Star fumbled for a while and found the ring as black as night and cold as ice, she shuddered as she held it, it’s match resting on her finger. There was something wrong with the ring, something unnatural. Something evil.
Star breathed as she looked at it.
“The ring,” Coal pressed on.
Star had to drag herself away from gaping at the ring and threw it at Coal who caught it without even looking.
He focused on it for a while, the strange tattoos on his arm glowing and ebbing, and he put the ring on, flicked his wrist and the dagger came up. It seemed to sing in his hands as he walked to the boot.
Coal used the edge of the dagger to open his boot carefully and the Yezulu flew out and bounced on the floor, it looked around and blew flames out of its mouth, shrieking. Coal took a step forward, and then another. Now while it was distracted would be the best time and so he rose his dagger above his head and brought it down on the Yezulu.
Or, he was about to when he heard her scream.
Coal turned to see her running in front of the creature, her hands outstretched.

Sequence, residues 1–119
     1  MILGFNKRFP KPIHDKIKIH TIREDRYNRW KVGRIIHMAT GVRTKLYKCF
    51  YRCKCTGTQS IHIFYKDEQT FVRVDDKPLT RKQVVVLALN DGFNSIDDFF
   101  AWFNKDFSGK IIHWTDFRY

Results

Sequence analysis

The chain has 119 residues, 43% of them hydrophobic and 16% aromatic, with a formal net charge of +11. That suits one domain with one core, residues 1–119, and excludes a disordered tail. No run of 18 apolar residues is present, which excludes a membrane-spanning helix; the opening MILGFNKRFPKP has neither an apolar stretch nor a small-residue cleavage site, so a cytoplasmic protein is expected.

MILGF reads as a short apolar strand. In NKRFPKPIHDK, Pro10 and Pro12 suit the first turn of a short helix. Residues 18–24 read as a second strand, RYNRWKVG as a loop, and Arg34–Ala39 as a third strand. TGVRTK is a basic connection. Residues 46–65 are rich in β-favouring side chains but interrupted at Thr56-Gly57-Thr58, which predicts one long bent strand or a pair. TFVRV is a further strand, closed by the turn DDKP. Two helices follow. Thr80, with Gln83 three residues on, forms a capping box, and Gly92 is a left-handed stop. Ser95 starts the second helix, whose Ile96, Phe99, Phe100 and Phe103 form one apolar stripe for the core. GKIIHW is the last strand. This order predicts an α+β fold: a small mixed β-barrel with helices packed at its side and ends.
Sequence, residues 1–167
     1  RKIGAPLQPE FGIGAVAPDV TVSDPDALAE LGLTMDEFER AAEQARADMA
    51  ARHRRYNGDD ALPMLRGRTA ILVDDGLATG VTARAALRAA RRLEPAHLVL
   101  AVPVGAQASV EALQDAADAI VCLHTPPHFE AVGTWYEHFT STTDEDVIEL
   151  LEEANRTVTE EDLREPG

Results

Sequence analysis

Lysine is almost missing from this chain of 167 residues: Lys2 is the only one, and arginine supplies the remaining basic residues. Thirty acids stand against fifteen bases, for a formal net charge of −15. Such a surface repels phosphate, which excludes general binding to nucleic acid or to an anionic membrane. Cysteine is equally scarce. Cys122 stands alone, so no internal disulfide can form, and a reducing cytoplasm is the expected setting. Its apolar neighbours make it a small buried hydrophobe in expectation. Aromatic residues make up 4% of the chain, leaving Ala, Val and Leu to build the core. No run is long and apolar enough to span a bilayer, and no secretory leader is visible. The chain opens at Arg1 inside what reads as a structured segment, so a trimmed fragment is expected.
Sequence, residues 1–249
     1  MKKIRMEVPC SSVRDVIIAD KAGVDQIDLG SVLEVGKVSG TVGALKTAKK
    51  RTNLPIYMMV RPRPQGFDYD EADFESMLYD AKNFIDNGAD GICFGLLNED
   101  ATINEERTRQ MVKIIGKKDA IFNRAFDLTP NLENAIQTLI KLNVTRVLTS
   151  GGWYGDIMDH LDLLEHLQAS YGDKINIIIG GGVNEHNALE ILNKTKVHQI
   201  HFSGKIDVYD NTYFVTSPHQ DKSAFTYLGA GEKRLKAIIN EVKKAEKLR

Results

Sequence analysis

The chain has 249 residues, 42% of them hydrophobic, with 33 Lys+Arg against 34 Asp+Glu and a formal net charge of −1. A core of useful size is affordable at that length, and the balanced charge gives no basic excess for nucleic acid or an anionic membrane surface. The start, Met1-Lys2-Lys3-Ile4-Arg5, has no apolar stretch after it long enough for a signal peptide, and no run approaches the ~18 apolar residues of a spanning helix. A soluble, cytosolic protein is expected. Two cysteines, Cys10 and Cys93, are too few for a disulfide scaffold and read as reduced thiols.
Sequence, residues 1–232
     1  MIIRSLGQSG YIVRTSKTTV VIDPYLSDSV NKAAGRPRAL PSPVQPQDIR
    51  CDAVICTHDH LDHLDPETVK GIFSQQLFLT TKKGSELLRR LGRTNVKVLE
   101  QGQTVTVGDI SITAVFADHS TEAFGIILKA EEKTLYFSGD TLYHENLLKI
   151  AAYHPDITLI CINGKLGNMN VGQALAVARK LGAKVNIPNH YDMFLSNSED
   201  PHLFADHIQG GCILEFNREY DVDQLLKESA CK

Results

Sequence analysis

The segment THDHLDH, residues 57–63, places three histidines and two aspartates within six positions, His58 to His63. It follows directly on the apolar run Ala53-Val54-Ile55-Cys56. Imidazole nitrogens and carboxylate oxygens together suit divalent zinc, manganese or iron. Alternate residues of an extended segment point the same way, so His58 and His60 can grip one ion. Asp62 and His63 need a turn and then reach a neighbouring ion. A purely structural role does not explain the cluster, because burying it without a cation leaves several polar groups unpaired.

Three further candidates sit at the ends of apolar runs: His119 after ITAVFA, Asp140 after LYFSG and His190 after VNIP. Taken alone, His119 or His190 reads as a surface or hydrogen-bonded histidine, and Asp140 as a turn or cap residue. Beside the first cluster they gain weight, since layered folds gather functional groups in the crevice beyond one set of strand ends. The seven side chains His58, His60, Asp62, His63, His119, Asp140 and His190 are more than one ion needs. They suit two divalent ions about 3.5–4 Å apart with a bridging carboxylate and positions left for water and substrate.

“Move.” Coal said.
“You can’t do this,” Star said, not moving.
Coal took another step forward. “Move,” he said.
“It’s a baby,” she said.
“We needed the egg for the fluids of the Yezulu,” Coal said evenly, “fluids that are now in that,” he pointed, “but we can’t carry it while it’s alive, Star. Believe me: it will kill us. They are deadly, one minded killers.”
“But all this has done is cry,” Star said, looking at the bird. “It’s scared.”
“So, will you when it’s breathing fire on your neck.”
“You can’t kill it.” Star said.
“Yes, I can.”
“You can’t — ”
“Yes,” Coal cut in, “yes I can. Star, if we don’t deliver this alongside the other ingredients, Doreen won’t be able to perform the spell. Do you get that? Do you? Your mother, you will never see her again unless you…Why are you smiling?”
Star was indeed grinning. “You can’t kill it,” she said, stepping aside, “because it’s gone. It flew away while you were talking. I didn’t sign up to kill baby — ”
Coal was in front of her in a flash, his eyes blazing with a murderous fire and Star felt her spine shiver, her fingers freeze, and her throat close up. Coal looked at her for a moment, and then two, then walked slowly to his car.
When he didn’t drive away immediately, Star decided that was an invitation to enter.
She got into the car, glanced at Coal, then closed the door with shaking hands.